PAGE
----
Since it was introduced in 2015, the Help to Buy ISA has been utilised by many first-time buyers. However, time is running out for those who wish to make the most of this initiative as it is only available to new applicants until 30 November 2019.
How does it work?
A Help to Buy ISA allows maximum contributions of £2,400 a year and can be used to purchase a property up to the value of £250,000 (£450,000 in London),
Like all ISA products, savings are tax free, however a Help to Buy ISA provides an additional government bonus of 25% when purchasing your first home, so, for every £200 you save, you receive a government bonus of £50.
The minimum government bonus is £400, meaning that you need to have saved at least £1,600 into your Help to Buy ISA before you can claim your bonus. The maximum government bonus you can receive is £3,000 – to receive this you will need to have saved £12,000.
Those who have already or plan to, open their Help to Buy ISA before the closing date, will be able to continue to contribute to their ISA’s. Accounts close to new contributions on the 30 November 2029 with all bonuses needing to have been claimed by 1 December 2030.
For further information, visit The Money Advice Service.
An alternative: Lifetime ISAs (LISA)
If you are unable to open a Help to Buy ISA before the deadline on 30 November 2019, or if you want to make increased contributions, the Lifetime ISA (LISA) may be a suitable alternative.
To qualify for a LISA, you must be aged between 18 and 39 and a UK resident, or Crown servant. You can contribute into a LISA until age 50.
A LISA allows maximum contributions of £4,000 a year and can be used to purchase properties up to the value of £450,000 anywhere in the UK.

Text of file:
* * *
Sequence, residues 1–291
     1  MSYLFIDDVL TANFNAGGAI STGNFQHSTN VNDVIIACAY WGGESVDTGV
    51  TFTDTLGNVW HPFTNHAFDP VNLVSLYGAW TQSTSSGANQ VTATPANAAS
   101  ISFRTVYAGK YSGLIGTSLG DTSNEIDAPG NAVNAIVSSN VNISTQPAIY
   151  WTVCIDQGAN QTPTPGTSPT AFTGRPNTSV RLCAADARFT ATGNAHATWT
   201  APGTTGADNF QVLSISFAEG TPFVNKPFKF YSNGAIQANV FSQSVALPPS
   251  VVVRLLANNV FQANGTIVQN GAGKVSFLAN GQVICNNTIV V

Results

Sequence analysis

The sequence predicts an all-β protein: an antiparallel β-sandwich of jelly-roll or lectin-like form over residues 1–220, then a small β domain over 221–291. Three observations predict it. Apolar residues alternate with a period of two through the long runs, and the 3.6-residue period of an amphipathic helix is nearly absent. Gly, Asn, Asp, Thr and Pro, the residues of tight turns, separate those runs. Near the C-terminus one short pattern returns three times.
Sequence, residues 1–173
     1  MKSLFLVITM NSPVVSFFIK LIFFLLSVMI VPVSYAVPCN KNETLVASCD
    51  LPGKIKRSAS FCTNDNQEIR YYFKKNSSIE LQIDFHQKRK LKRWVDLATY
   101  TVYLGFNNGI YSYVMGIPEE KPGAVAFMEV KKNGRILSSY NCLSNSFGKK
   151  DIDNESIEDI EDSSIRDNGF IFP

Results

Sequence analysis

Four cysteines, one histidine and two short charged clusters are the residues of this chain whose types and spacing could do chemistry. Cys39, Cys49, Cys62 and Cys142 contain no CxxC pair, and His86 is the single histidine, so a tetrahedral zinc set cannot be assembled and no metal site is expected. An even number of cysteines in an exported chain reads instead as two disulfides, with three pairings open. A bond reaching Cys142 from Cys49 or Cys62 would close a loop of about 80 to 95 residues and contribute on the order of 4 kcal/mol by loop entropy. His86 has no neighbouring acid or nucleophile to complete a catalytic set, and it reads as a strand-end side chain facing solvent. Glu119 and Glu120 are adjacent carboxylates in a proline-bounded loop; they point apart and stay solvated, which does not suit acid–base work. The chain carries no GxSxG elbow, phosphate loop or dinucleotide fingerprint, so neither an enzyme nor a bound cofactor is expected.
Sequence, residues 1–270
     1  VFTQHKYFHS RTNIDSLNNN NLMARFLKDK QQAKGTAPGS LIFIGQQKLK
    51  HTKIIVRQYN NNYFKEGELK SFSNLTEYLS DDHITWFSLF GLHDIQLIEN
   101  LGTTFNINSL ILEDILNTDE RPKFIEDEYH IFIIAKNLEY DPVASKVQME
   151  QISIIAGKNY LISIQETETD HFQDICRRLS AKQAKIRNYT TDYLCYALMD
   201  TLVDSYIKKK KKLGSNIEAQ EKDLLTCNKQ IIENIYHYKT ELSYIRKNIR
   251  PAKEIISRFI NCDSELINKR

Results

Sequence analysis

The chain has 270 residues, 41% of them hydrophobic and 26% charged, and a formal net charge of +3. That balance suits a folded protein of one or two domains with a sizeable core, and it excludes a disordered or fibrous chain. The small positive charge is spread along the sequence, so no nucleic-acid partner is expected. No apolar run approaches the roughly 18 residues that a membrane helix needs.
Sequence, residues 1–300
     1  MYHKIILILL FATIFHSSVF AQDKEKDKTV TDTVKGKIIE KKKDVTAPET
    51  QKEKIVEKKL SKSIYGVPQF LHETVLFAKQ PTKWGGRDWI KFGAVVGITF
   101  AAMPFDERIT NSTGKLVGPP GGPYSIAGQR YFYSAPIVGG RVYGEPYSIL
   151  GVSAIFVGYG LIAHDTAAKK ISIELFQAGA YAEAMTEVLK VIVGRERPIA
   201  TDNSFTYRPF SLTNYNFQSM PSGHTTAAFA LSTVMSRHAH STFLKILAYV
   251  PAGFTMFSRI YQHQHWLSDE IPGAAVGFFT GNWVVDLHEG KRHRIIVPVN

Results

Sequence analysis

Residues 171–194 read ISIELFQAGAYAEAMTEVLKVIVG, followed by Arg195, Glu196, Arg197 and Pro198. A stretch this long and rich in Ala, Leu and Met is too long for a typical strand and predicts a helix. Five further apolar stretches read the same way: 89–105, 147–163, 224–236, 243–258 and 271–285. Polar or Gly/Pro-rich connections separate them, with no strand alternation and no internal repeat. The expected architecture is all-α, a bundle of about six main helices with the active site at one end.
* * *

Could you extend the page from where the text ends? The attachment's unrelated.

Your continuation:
In addition to your contributions, the government will provide a bonus of 25%, up to the maximum of £1000 a year. The rules specify that to purchase a home using a LISA, the account must be open for at least a year.
An added benefit
LISAs can also be used to save for retirement and can be partially or fully withdrawn once you turn 60 without the need to pay a fee. Funds can be withdrawn from a LISA if you are diagnosed with a terminal illness (with an expected life expectancy of less than 12 months). Withdrawals made for any other purpose may be subject to a charge of 25%.
For more information download our LISA factsheet.
This document is solely for information purposes and nothing in it is intended to constitute advice or a recommendation. You should not make any investment decisions based on its content. The value of investments can fall as well as rise and you may not get back the amount you originally invested. ISA eligibility also depends upon individual circumstances.
While considerable care has been taken to ensure the information contained in this article is accurate and up-to-date, no warranty is given as to the accuracy or completeness of any information.